This month, we welcome the return of the All-Nighter, a periodic feature in which Robin Beery takes advertising “back to school” and attempts to convince his old comp-lit professors he was paying attention.
It’s possible that the most enduring metaphor of our current moment—that of the COVID-19 coronavirus—will be neither the obvious viral metaphor, nor the exponential curve. No, the most enduring metaphor of this virus may be the box.
After one mere month of isolation, we see boxes almost everywhere we look. Every day, cardboard packages filled with books and puzzles and food and shampoo show up on our doorsteps. Whose hands delivered them? Since we have no idea, they must be handled with care and disposed of safely.
Our houses are boxes, of course, as are the rooms inside. There are suddenly too few of them, and they are too full of stuff we realize we don’t really need or want—at the very moment when it’s inadvisable, and maybe impossible, to give it all away.
Our backyards, though less claustrophobic, are boxes of a kind—little corners of the outside world we have all to ourselves. Our refrigerators are boxes, the contents of which measure our security against having to venture further afield.
On the virtual side, our inboxes fill with reminders and requests that otherwise might have been made in person. Tiny squares of news and everyday complaints cascade down our social feeds. The little windows in a Zoom meeting Brady Bunch our faces together.
Our phone cameras box us up, crop our faces, compress our voices, and fling them across the void. Celebrities (we’re thrilled to realize the extent to which they are just like us) broadcast from their living rooms, music rooms, and bathrooms. Like us, they sometimes wear sweatpants or bathrobes. Like us, they are not always certain whether vertical or horizontal video is the way to go.
But vertical seems to be winning, and so our televisions (for now, resolutely horizontal) flank these dispatches with thick black bars. The bars suggest omission—a part of the story deliberately out of frame.
For French philosopher and sociologist Jean Baudrillard, it was useful to propose that our societies, our communications, and even our very beings were becoming increasingly virtualized. “At a certain level of machination, of immersion in virtual machinery,” Baudrillard wrote, “there is no longer any man-machine distinction: the machine is on both sides of the interface. Perhaps you are indeed merely the machine’s space now—the human being having become the virtual reality of the machine, its mirror operator.”
Baudrillard was also an early thinker about the ways in which our economy has become less concerned with production and consumption and increasingly driven by virtual concerns, writing, in 1988, of an economy “relieved of ideologies, social sciences, history, and political economy and yielded up to pure speculation.” (This is part of what crashed the financial system back in 2008.)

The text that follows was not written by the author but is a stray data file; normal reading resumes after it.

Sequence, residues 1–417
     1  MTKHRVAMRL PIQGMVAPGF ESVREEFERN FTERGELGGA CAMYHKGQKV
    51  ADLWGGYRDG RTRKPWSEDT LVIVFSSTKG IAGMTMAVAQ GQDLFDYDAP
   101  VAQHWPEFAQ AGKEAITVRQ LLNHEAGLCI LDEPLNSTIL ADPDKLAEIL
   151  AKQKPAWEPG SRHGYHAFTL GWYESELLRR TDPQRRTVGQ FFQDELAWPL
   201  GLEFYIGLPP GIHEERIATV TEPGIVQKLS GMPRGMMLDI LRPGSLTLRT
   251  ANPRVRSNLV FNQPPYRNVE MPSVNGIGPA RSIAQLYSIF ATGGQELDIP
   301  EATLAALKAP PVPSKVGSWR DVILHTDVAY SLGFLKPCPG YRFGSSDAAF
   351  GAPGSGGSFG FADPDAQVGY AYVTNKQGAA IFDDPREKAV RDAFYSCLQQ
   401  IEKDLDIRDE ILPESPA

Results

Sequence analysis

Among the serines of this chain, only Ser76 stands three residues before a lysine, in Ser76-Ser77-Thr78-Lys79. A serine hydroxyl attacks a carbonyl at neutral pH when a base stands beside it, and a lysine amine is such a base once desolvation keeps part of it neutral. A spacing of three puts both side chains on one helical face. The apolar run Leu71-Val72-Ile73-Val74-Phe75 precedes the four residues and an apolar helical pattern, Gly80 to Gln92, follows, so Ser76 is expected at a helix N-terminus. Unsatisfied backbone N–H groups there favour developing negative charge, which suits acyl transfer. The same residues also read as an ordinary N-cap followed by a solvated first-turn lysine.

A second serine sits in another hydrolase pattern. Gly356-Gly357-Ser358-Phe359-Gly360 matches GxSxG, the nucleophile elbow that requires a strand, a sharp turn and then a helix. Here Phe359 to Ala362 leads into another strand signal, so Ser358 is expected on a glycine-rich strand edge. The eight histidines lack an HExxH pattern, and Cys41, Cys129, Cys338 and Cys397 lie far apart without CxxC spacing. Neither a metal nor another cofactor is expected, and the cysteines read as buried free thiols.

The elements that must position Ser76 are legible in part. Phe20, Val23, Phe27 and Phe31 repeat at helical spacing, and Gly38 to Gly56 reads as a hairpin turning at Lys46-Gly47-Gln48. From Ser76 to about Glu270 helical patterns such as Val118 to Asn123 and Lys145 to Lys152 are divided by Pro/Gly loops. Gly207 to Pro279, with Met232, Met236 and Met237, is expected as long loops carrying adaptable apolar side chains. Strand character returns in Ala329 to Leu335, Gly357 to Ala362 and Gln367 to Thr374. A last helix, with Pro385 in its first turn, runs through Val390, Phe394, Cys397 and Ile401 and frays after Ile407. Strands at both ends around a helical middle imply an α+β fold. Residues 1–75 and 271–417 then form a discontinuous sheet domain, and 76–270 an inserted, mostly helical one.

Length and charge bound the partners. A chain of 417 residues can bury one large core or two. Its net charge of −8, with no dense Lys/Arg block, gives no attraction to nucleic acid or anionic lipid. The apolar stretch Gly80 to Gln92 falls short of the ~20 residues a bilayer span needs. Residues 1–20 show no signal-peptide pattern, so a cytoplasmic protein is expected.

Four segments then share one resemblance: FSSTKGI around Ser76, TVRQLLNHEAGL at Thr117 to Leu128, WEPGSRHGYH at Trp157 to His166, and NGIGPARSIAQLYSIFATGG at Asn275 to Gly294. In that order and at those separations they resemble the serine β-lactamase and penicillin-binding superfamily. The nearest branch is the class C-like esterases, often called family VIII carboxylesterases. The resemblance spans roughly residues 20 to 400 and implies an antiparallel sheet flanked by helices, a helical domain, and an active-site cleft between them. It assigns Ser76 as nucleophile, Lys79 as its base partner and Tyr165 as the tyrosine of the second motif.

And what we’re seeing from inside our boxes right now is another great example of Baudrillard’s tension at work: real realities insisting on their relevance while virtual realities persist in holding sway. We know the virus is real. But we rely on models more than observation, not having an effective tool for knowing where it really is.
And the most inapt metaphor for the current moment, and one you’ll hear alluded to again and again, is the “brave new world” metaphor: the idea of this time of the virus as a new experience—a temporary condition to be mastered and subdued.
There’s nothing all that new about this moment. We’ve known all along that this could happen but chose to act as if it wouldn’t.
At this moment, the walls between those coping the best they can on the inside and those coping the best they can on the outside are suddenly more pronounced. It’s easier than ever for those of us inside our boxes to feel that everyone else is having the same experience.
What are we not seeing behind those black bars? What’s going on outside the box?
Right now, staying home and staying apart is making a difference for the greater good. But if we really want to be there for one another, we’re going to have to do more than get back to normal.
We’re going to need to spend more time living outside the box, in the parts of reality that separate us rather than connect us: where health and food and safety and security are not the norm, and where a box might be more than a metaphor for home.